Hearing loss is when you’re unable to partially or completely hear sound in one or both of your ears. Such loss typically occurs gradually over time. Other names for hearing loss are – decreased hearing, deafness, loss of hearing & conductive hearing loss.
You can have hearing loss in one ear (unilateral) or both (bilateral). The type depends on where damage occurs within the hearing system.
• Conductive: Something blocks sound from passing through the outer ear (ear canal) or middle ear (area containing the three tiny ear bones: malleolus, incus and stapes). The block may be an ear infection, earwax or fluid in the ear. Loud noises may sound muffled, and soft sounds can be hard to hear. Medicine or surgery often helps.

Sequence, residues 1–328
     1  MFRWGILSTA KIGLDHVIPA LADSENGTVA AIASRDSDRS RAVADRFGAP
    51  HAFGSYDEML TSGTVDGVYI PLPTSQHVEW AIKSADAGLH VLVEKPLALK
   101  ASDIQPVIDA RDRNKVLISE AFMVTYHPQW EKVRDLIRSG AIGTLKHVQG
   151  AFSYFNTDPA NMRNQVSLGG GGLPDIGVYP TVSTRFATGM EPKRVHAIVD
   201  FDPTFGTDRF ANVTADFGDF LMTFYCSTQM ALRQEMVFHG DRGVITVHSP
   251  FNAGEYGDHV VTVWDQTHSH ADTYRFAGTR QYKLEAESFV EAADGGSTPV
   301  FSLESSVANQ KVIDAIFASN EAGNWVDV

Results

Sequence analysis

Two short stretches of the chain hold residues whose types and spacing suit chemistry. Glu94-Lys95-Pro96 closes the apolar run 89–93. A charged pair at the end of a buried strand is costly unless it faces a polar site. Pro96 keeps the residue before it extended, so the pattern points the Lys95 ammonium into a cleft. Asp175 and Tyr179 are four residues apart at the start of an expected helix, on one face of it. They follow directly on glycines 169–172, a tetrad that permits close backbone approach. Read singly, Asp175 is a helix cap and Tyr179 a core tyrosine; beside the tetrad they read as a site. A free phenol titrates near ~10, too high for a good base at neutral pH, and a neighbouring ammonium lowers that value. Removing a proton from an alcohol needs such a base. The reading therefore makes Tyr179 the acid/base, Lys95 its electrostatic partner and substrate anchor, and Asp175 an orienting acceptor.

• Sensorineural: It affects the inner ear (cochlea) or auditory nerve. Loud noises, diseases or the aging process often cause it. Children are prone to this type due to congenital conditions (present at birth), trauma during childbirth, head injuries or infections. Sensorineural hearing loss is often permanent. Hearing aids and hearing assistive devices can help.
• Mixed: Some people have both conductive and sensorineural hearing loss. A head injury, infection or inherited condition can cause mixed hearing loss. You may need treatments for both types of hearing loss.
It could happen gradually. You might not even notice you’re losing your hearing.
Most people don’t have any pain with hearing loss. Instead, you might notice you:
• Ask people to repeat themselves often.